At our Rock Ridge visit last week, I was sitting at our banding station when I heard some unfamiliar yelping coming from the north end of the lake. I couldn’t see anything at first, but as I peered through the trees toward the water I finally spotted some splashing. I thought ducks, initially, although the calls didn’t sound like ducks. It was only as the animals drew closer, moving south along the lake, that I could identify them: river otters!
Anticipating that their movement along the length of the lake would hopefully bring them near enough for a few distant photos, I grabbed up my camera and telephoto lens and was able to run off a few shots as they passed below me. It was difficult to count them as they splashed and dove, as they were rarely at the surface all at the same time, but I guessed there to be six individuals. They seemed to be diving underwater and resurfacing with food, although I couldn’t tell what it was they were eating.
Probably, though, they were catching fish, which make up the bulk of an otter’s diet. Otters are extremely well-adapted to life in the water, being streamlined with webbed toes and a strong tail that provide extra agility when hunting or playing. When I was out in the canoe on our previous visit I noted many smaller fish in the waters of Rock Lake, so there would be plenty to eat. Otters may supplement their diet with other small, aquatic animals such as frogs or crayfish.
Because of their aquatic lifestyle, otters have some unique adaptations. One of them is asymmetrical lungs. An otter’s left lung is nearly 20% larger than its right, and has four lobes compared to two for the right. This probably helps with how long the otter can hold its breath when it dives, increasing lung capacity and surface area for oxygen absorption. They can remain underwater for nearly 4 minutes, diving to depths of up to 20 meters (65 feet).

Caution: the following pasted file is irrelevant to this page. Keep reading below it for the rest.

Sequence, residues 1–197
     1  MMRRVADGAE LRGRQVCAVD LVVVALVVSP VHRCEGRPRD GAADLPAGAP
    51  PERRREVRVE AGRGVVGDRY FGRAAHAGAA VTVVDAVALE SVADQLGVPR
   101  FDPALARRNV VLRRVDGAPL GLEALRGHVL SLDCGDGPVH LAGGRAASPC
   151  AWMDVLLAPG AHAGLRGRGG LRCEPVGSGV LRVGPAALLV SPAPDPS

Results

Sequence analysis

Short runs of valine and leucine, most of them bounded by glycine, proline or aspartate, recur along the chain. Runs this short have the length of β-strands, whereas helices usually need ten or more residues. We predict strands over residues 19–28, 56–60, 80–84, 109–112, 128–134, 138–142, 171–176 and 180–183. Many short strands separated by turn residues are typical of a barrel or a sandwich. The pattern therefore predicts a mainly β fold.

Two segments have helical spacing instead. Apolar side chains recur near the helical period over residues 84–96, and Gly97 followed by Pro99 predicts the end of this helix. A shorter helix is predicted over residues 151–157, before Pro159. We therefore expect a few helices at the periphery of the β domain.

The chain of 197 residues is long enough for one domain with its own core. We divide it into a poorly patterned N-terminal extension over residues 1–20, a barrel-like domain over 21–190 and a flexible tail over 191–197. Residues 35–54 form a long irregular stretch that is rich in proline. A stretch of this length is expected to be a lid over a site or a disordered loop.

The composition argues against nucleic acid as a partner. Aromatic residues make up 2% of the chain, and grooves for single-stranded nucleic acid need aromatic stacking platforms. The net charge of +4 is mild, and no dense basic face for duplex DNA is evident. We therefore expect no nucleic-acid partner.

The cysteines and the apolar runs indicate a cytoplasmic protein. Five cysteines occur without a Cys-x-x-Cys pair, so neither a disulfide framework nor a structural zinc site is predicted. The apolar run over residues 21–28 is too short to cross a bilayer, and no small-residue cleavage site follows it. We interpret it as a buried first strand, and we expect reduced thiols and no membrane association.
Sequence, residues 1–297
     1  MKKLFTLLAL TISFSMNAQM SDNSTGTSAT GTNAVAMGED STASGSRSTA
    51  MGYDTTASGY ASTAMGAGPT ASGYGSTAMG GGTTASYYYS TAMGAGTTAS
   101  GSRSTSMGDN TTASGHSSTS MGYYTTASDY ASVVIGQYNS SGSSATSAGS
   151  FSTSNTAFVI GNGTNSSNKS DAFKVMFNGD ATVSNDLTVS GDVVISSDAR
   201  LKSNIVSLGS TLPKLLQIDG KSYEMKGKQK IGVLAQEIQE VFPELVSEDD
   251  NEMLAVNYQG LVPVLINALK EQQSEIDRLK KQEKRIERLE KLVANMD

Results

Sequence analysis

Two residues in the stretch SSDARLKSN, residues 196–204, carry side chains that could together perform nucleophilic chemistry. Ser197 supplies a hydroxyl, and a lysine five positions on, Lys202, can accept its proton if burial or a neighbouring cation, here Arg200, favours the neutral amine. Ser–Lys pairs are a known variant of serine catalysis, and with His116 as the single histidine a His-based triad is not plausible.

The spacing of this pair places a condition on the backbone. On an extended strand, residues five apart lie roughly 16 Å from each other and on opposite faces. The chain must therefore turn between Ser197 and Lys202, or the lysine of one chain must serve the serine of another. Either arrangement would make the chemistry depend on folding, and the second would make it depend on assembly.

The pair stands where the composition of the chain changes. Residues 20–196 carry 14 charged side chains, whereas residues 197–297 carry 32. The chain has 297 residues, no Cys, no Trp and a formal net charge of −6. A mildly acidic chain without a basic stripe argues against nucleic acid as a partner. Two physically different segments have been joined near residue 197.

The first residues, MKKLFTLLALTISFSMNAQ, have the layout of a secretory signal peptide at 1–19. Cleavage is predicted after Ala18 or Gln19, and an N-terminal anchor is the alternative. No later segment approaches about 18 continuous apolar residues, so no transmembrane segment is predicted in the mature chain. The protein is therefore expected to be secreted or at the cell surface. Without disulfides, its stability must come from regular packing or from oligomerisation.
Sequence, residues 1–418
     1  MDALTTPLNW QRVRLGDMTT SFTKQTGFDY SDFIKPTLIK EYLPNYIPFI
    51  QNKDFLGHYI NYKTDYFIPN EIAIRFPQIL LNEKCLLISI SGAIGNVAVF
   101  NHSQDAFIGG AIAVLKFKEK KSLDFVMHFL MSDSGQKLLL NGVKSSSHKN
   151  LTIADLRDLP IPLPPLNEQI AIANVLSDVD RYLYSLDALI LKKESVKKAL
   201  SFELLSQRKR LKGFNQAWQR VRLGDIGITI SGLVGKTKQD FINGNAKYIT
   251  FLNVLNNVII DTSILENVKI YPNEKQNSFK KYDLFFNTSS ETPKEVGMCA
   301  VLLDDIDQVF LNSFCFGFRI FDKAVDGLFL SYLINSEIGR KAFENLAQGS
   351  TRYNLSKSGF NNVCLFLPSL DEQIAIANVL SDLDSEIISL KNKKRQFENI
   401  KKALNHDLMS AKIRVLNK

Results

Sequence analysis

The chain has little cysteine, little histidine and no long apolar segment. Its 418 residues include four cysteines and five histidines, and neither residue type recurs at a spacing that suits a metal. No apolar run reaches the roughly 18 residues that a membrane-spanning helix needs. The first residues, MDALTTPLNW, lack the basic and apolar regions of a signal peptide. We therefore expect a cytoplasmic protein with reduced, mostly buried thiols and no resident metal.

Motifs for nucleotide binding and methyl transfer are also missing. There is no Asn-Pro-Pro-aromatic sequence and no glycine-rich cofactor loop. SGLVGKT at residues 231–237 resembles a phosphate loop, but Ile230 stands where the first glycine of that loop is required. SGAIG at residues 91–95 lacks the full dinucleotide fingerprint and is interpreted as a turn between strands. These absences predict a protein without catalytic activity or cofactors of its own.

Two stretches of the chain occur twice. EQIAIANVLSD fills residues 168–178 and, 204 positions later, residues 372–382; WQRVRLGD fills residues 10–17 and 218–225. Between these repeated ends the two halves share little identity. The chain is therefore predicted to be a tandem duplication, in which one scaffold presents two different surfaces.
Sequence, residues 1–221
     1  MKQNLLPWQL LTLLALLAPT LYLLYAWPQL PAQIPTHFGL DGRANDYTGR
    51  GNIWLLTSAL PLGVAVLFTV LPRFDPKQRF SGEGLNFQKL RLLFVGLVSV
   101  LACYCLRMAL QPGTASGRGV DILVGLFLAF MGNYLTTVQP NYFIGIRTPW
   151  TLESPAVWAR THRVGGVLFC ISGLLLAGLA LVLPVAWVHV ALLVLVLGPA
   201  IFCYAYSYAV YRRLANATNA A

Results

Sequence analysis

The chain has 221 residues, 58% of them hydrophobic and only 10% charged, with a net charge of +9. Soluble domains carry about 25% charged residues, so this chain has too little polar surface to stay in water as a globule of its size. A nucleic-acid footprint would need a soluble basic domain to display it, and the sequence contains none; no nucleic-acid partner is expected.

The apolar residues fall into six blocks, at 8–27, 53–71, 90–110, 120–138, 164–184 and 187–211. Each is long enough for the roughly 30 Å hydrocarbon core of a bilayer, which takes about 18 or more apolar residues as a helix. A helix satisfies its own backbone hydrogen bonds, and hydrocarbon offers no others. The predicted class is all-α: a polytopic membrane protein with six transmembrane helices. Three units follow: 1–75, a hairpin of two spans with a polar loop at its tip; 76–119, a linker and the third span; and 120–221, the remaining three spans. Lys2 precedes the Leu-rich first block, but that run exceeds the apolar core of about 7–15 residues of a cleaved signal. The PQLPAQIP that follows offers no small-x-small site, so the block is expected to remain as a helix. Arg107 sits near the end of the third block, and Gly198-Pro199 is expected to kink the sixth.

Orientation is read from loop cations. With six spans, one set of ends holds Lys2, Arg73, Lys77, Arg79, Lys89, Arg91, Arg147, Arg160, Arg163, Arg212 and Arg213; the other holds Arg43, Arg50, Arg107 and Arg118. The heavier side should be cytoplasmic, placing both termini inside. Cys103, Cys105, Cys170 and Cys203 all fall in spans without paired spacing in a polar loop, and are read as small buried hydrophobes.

At this time of year, it’s most likely that they were a family group. In the early spring, after mating, the female sends her mate off for a bit of privacy while she gives birth to and does the initial raising of her litter. At about three months the kits are old enough that the mother begins teaching them to swim and hunt. The father rejoins the group once the young are about six months old, helping with their education. It seems a little early yet for the father to have joined the group, as six months ago means the young would have been born in February. Females may give birth to up to six young, so it may be she just had a large litter.
Otters are extremely social animals, an uncommon trait among mammals that live in our area. Mates spend half of the year together (the part when the young are grown), and family groups usually hunt and play together. Even adults aren’t opposed to a little fun, and may join the youngsters in games of tag or wrestling, or sliding down snowbanks or muddy embankments. They talk to each other constantly, and the entire time I watched them there was an ongoing dialogue of chirps and whistles.
The species is found through much of North America where lakes and streams are abundant, absent only from the drier Great Plains and arid southwest. Despite this, I’d never seen one before, so I was pretty excited by this encounter.
I apologize for the short absence; I was away for a couple of days and we’ve recently been having some technical difficulties with our internet that I hope will sort themselves out. I’ve had this post sitting since yesterday evening, waiting for our connection to come back online long enough to upload the photos and insert them into the post.